The domestication of the probiotic bacterium Lactobacillus acidophilus

Sci Rep. 2014 Nov 26;4:7202. doi: 10.1038/srep07202.

Abstract

Lactobacillus acidophilus is a Gram-positive lactic acid bacterium that has had widespread historical use in the dairy industry and more recently as a probiotic. Although L. acidophilus has been designated as safe for human consumption, increasing commercial regulation and clinical demands for probiotic validation has resulted in a need to understand its genetic diversity. By drawing on large, well-characterised collections of lactic acid bacteria, we examined L. acidophilus isolates spanning 92 years and including multiple strains in current commercial use. Analysis of the whole genome sequence data set (34 isolate genomes) demonstrated L. acidophilus was a low diversity, monophyletic species with commercial isolates essentially identical at the sequence level. Our results indicate that commercial use has domesticated L. acidophilus with genetically stable, invariant strains being consumed globally by the human population.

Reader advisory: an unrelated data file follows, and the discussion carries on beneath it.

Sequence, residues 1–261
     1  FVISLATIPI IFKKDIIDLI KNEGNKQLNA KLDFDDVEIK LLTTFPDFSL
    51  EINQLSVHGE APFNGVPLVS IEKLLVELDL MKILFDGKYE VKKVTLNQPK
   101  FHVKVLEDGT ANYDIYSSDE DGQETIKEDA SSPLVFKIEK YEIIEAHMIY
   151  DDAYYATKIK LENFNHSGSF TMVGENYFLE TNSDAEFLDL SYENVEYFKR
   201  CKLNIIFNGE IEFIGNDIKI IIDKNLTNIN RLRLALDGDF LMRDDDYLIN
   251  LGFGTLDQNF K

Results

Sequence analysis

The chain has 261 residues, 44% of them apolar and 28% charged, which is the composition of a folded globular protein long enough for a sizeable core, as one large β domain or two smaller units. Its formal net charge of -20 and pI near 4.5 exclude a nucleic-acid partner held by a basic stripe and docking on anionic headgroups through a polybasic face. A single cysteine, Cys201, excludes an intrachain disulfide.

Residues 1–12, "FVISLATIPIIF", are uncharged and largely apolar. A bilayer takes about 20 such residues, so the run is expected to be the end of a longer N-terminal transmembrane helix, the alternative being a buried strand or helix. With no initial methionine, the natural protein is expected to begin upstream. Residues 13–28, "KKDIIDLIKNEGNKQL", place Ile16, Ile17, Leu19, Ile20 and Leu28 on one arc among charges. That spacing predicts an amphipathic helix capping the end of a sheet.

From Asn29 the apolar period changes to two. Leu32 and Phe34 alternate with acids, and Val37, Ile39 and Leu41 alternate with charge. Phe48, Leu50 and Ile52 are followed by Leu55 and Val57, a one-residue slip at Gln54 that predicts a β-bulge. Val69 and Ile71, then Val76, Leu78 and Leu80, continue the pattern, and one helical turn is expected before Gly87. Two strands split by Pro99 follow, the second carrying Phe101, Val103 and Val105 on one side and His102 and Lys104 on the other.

Publication types

  • Research Support, Non-U.S. Gov't

MeSH terms

  • Base Sequence
  • Chromosome Mapping / methods*
  • Dairy Products / microbiology*
  • Food Microbiology
  • Genome, Bacterial / genetics*
  • Genomic Instability / genetics*
  • Lactobacillus acidophilus / classification
  • Lactobacillus acidophilus / genetics*
  • Lactobacillus acidophilus / isolation & purification*
  • Molecular Sequence Data
  • Probiotics / analysis
  • Probiotics / classification